The cost of these events is news to no one. Armed with such figures, wily reinsurance underwriters are angling for price rises in most markets. But how much do rates need to go up? To say for sure, one would have to know how windy, shaky and wet the future is likely to be.
Munich Re says that, as we begin a new millennium, there is no sign of any slowing of the long-term trend of rising losses. “If we compare the last ten years of the 20th century with the 1960s, we will see that the number of great natural catastrophes increased by a factor of three, with economic losses – taking into account the effects of inflation – increasing by a factor of more than eight, and insured losses by a factor of no less than 16,” the geoscience team concludes.
The group of 76 windstorms in the United States on 2 May, which were particularly hard on Oklahoma but made groundfalls in more than a dozen states, is expected to be the second most costly series of tornadoes in US history, and may be its tenth most expensive weather-related catastrophe. According to Swiss Re, January 1999 was a record-breaker in terms of the number of tornadoes experienced, with more than three times the number of storms than the previous record year.
If things are not getting stormier, it is clear that storms are getting costlier. In practice, however, many reinsurers seem to feel that storms of all sizes are becoming more frequent, or at least more frequent that they thought. SCOR had rated events with the loss intensity of Lothar and Martin as 100- and 30-year events respectively, but the frequency estimate changed after the two storms cut a swath through SCOR's P&L account. “We now believe Lothar-type events are 30-year events, and Martin-type events seven-year events,” admitted Jacques Blondeau while announcing the company's result for the year. He said SCOR took the brunt of Lothar and Martin on its 1999 books, which ate up its catastrophe reserves, but added that the 2000 accounts will see more impact of the two events.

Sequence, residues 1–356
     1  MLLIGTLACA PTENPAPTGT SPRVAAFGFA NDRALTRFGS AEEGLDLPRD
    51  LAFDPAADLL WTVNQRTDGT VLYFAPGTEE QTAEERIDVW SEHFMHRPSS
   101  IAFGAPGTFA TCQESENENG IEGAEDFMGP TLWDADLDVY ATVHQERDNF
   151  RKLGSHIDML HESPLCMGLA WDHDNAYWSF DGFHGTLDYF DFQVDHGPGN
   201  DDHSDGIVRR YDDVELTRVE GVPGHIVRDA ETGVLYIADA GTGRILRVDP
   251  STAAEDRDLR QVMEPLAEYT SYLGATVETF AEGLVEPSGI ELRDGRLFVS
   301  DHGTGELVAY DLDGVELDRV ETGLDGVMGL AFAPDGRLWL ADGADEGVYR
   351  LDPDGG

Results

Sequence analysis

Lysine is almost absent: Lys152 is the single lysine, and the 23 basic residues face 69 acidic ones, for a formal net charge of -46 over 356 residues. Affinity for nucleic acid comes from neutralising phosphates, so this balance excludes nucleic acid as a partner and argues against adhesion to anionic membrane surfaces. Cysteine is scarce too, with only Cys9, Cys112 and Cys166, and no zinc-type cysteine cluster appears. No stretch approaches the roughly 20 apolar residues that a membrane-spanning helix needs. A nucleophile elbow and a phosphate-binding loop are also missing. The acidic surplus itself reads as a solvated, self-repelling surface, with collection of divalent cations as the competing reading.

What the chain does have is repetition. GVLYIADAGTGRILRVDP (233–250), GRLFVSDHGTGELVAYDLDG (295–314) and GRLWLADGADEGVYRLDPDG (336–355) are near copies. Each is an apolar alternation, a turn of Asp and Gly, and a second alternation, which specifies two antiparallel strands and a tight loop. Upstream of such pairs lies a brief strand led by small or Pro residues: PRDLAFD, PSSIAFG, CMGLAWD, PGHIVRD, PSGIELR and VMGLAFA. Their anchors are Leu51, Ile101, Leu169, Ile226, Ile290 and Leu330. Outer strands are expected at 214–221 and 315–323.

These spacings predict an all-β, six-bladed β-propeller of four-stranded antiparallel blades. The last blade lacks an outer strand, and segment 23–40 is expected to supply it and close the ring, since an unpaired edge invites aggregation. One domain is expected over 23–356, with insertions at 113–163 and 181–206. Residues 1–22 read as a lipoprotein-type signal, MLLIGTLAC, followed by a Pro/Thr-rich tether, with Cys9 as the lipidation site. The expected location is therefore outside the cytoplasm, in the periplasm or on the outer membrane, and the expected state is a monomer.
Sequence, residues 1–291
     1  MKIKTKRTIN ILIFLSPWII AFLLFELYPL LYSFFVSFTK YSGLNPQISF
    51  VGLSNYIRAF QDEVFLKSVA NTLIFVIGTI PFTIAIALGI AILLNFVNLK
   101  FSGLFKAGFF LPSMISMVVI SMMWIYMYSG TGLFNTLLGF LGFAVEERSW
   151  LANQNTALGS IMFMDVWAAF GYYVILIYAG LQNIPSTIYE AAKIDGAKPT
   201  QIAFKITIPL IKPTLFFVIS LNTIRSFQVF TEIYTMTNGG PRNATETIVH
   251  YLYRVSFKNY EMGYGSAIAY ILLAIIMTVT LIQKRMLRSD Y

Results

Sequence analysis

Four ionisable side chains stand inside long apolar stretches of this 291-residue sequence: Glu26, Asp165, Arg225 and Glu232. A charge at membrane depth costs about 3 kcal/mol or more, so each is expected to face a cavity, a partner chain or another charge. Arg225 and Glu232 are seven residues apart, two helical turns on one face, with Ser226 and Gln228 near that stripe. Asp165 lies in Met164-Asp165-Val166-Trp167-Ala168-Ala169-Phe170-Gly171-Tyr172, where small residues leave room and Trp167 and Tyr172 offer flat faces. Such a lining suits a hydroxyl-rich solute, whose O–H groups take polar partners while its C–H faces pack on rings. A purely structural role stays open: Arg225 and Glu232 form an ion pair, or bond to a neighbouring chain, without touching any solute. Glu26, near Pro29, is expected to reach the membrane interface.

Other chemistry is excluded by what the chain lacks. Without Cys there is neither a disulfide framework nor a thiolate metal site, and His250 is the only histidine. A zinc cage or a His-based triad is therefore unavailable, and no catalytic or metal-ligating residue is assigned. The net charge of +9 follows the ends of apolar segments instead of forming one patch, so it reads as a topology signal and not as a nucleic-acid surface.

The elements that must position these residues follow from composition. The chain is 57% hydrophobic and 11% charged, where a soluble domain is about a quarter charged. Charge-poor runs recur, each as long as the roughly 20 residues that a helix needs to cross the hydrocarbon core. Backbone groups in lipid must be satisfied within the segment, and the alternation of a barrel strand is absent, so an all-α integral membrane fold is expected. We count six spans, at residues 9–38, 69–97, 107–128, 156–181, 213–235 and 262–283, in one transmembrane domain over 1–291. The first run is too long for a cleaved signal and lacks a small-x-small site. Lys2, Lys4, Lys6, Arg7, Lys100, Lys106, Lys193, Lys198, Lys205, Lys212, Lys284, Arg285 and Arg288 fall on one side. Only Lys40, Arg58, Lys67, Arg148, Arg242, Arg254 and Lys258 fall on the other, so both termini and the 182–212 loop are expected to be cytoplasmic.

“We believe the price of windstorm rates in France should double,” Mr Blondeau said. A doubling of rates has not happened, but there has been widespread realisation that PMLs have been massively underestimated, and that windstorm coverages need to be much broader as well. Anatol, the storm that crashed into Denmark in early December 1999, is said to have blown through the local industry's reinsurance programmes completely. “Virtually every insurer went through its reinsurance layers last December, even relatively large players. One company had a loss experience of DKr1 billion more than its reinsurance cover. Small, mutual and local insurers were as badly affected,” said Susan Lund, regional general manager of Scandinavia at Copenhagen Re
Overall in 1999, 138 events met the qualifications set out by Swiss Re's research group Sigma to count as catastrophes. They delivered an average loss of $177 million, compared to 125 events with an average loss of $77 million over each of the preceding four years. It is not yet clear whether, in the long term, catastrophes are becoming more numerous and more intense, or simply more expensive due to increased exposures. It is clear, however, that reinsurers, particularly those with big European exposures, took a powerful thumping last year. Most have, in their annual reports, blamed their poor performance on the “spate” of cat losses in 1999. Equalisation reserves have been drawn down, and optimism about rising rates has been preached. Yet these comments make it seem that, after the low catastrophe years of the late 1990s, some reinsurers (and their shareholders) began to forget that major loss events do happen, and their business is paying for them. One hopes that those four years of calm are not followed by four of tempest.
Adrian Leonard is a freelance insurance journalist.